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Real gross domestic product (GDP) represents the method by which economists assess growth in a country's economy. This particular measure considers inflation in the final results. Real GDP growth can be affected by various factors but there are some primary drivers of this type of expansion in an economy. Consumer spending can be a significant driver of this economic barometer. Other factors that influence GDP include the pace at which businesses and government agencies spend money.
Economists heavily consider consumer spending when assessing growth in regional economies. In some countries, personal consumption, which represents consumer spending, is the largest consideration in determining real GDP growth. When adjusted for inflation, data results are typically less rosy then they would be on a comparative basis, which does not take the changing value of a country's currency into account. Consumer spending data can similarly be reported in real dollar figures and may be adjusted for inflation. Rising personal consumption in real figures typically affects real GDP in a positive manner.
International trade also affects a nation's economic stability. The greater the export activity, the more business the country is receiving from other countries. When export activity is rising, it is likely to drive real GDP growth in that region. International trade demand is measured across various industries, including retail and manufacturing.
During periods when international trade demand is increasing, any weaknesses in a local economy can become less influential and economic expansion may still occur. If the rate of imports is outpacing exports, however, the increases in international commerce can are likely to be less effective. Rising inventories in the business community can affect real GDP in a positive way if the increase in supply occurs when consumer demand for goods is high. Otherwise, excessive inventories may only stall economic expansion.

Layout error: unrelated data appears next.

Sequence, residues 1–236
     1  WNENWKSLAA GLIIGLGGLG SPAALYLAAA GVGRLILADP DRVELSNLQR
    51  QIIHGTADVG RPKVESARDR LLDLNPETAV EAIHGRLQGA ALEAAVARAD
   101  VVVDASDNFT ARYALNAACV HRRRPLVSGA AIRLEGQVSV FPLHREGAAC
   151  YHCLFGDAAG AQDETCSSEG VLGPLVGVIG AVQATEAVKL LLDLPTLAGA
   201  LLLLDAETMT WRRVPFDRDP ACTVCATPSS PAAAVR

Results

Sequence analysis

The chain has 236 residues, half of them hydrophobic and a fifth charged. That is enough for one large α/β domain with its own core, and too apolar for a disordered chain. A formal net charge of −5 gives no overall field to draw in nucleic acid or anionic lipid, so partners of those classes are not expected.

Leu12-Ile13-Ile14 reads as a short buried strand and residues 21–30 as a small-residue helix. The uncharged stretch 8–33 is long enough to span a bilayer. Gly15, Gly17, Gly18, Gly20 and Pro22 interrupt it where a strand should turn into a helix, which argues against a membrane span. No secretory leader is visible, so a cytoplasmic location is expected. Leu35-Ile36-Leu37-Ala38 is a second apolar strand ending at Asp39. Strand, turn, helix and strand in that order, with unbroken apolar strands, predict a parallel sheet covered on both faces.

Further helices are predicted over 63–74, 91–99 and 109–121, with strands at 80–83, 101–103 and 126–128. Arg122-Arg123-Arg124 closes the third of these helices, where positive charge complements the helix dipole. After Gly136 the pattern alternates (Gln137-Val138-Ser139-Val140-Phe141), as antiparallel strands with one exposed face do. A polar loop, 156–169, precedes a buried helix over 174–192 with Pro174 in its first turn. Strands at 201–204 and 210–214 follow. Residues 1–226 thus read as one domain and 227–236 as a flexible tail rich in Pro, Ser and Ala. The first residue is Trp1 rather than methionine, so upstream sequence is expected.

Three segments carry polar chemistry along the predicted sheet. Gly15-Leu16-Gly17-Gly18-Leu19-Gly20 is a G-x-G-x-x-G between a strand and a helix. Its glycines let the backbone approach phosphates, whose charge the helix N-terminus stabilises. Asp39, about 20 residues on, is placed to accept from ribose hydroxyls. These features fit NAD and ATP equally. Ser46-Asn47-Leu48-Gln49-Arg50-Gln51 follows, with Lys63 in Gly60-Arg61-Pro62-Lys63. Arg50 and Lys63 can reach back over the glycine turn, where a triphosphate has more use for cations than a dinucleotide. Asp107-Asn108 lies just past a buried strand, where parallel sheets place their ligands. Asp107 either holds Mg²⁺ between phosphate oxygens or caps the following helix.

A government agency's ability and desire to spend money toward improving economic conditions in a country feeds into real GDP growth. Often, a government will take the role of funding projects, such as infrastructure development, that the private sector does not typically finance. A government may also spend large sums of money on defense items for the military in a country. All of these activities may have a strengthening affect on an economy. In the event that a government begins taxing citizens more money to continue spending at a certain pace, however, the spending impact is likely to become weakened.
One fascinating point for discussion when talking about GDP is what impact consumer debt has on both short-term and long-term GDP. In other words, if we borrow huge amounts of money to finance things in the short-term, do we pay for it by drops in long-term GDP? Or, does easily available credit have a real, long-term impact on GDP at all?
This topic has been discussed and debated at length by economists in the wake of the "credit crisis" that hurt housing markets all over the nation a few years ago. Oddly, no one seems to be able to agree as to what real impact consumer debt has on GDP.
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